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The J.D. Power and Associates Alternative Powertrain Study has found that hybrid consideration among new car buyers is slipping, albeit only slightly. At the same time, the willingness to consider a clean diesel is growing. Overall, 7% fewer buyers are adding a hybrid to their list of potentials, but in the 16-25 age group the drop is actually 13%. For some reason, the hybrid message is getting lost on the people just entering the car buying market. One possible reason could be that, according to the study, buyers wanted to pay no more than $2,396 extra for a hybrid over a traditional competitor, but get 18.5 mpg more. As those shoppers have discovered that hybrids can't provide that cost/benefit ratio yet, they are perhaps staying with the standard option. It's not much different in the diesel category, with folks willing to pay $1,491 and expecting 15 mpg better. However, the perceived benefit of diesels is opposite that of hybrids -- hybrids could be coming down off the pedestal, while more people are realizing that diesels are fuel efficient and, finally, clean.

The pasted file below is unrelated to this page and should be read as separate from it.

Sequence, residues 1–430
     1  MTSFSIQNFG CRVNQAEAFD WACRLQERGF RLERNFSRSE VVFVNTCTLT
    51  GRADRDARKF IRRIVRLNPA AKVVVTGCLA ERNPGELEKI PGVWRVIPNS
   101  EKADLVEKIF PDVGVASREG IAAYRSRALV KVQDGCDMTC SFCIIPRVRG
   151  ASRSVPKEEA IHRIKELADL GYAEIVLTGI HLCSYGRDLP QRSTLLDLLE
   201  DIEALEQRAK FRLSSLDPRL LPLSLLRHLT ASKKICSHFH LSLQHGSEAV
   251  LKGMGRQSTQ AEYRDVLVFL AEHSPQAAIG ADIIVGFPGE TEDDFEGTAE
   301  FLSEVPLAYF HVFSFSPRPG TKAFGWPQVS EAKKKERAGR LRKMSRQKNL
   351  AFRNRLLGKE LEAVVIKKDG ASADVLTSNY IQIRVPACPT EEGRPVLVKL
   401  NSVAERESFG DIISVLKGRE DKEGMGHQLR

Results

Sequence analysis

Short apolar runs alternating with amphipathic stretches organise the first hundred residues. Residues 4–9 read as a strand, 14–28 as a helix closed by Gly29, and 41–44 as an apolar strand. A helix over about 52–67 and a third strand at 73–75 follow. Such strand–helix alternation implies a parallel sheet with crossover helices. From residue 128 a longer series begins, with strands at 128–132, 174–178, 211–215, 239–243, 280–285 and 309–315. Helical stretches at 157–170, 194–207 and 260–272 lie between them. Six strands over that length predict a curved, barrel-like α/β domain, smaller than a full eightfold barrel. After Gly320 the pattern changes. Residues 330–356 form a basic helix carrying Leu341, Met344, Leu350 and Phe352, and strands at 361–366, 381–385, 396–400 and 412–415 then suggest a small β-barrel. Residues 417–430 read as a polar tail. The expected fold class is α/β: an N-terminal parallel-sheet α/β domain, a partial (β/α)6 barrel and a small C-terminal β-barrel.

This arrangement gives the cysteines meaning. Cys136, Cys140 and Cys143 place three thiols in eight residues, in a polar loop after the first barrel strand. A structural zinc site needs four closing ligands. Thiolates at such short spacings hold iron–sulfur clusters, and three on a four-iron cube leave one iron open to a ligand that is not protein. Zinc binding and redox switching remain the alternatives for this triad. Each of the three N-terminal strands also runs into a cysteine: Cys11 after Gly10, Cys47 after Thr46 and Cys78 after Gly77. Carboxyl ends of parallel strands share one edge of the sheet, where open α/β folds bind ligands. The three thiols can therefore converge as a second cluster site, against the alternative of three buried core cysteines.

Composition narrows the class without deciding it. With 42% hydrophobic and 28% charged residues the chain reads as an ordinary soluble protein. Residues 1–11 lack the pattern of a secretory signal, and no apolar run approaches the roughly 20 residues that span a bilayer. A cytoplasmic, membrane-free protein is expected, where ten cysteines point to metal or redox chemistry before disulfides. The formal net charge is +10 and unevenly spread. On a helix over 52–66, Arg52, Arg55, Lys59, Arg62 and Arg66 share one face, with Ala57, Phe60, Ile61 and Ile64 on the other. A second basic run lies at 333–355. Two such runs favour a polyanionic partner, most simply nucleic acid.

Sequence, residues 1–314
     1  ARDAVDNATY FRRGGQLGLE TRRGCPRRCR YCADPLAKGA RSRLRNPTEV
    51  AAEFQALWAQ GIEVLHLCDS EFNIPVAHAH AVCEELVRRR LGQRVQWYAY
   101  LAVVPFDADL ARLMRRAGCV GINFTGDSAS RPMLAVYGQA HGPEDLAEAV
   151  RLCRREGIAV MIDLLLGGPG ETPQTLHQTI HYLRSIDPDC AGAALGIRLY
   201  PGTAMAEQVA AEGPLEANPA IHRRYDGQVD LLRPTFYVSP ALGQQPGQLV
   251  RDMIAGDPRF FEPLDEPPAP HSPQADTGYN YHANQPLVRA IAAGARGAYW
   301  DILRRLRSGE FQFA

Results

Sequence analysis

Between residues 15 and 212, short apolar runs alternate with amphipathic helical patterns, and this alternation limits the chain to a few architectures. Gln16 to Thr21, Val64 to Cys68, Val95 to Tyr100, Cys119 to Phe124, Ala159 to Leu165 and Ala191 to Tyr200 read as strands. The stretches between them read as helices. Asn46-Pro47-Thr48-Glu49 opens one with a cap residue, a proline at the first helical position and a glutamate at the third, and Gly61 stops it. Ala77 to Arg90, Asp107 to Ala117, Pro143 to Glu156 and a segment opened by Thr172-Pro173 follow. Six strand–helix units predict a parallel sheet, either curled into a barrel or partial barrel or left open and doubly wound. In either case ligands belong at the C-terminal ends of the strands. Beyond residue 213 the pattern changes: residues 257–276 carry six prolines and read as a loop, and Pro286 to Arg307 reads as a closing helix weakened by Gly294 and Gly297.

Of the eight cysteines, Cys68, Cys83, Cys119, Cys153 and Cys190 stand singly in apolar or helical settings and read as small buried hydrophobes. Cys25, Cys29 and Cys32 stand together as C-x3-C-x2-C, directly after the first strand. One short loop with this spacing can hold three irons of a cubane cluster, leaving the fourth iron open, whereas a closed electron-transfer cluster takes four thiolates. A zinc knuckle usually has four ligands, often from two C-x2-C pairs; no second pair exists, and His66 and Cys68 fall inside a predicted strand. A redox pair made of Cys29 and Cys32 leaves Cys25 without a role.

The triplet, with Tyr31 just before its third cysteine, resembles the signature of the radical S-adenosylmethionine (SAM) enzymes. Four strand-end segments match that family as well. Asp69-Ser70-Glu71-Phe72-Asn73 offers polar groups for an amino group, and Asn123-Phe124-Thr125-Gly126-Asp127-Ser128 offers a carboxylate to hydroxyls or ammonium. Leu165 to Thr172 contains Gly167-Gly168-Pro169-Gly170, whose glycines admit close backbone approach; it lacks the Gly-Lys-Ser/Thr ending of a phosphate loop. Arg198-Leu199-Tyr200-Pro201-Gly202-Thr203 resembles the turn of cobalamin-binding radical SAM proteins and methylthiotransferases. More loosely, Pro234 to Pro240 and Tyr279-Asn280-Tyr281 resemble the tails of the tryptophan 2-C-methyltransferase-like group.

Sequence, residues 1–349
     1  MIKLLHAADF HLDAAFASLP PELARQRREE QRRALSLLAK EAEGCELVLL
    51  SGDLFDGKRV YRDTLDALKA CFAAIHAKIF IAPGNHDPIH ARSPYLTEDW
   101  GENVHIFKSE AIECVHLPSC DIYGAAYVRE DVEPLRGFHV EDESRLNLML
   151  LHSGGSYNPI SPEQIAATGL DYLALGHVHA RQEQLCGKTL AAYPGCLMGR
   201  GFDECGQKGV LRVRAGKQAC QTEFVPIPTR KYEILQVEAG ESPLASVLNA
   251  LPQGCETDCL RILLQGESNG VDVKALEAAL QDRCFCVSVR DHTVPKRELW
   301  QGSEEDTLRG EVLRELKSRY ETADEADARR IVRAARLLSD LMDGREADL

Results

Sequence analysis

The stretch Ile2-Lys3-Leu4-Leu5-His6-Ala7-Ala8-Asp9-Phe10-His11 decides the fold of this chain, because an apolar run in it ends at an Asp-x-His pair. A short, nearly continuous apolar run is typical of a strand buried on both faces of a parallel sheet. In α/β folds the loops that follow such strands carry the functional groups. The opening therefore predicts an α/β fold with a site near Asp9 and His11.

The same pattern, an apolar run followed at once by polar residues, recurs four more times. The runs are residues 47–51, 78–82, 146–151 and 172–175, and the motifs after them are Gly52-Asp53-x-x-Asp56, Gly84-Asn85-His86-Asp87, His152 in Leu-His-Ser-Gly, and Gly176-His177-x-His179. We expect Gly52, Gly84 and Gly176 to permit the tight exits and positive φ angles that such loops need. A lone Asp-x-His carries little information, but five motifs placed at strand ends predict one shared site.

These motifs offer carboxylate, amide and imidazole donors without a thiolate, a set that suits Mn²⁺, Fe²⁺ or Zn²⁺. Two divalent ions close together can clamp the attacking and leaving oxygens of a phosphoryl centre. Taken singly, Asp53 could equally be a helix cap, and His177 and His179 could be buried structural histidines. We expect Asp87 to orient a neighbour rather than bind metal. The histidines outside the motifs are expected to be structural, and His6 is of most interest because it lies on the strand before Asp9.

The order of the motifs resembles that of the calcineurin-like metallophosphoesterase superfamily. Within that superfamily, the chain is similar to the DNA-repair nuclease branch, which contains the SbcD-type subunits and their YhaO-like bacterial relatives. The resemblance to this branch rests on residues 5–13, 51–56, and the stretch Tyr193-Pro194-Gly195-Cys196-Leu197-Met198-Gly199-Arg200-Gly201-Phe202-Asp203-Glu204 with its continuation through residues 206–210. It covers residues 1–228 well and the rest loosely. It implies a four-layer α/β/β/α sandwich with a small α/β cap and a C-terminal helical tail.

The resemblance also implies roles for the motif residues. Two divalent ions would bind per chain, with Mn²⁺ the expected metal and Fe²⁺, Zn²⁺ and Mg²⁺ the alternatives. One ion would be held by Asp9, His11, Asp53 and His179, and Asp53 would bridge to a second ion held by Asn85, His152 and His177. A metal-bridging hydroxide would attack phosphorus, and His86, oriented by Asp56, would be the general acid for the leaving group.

[Source: J.D. Power and Associates]


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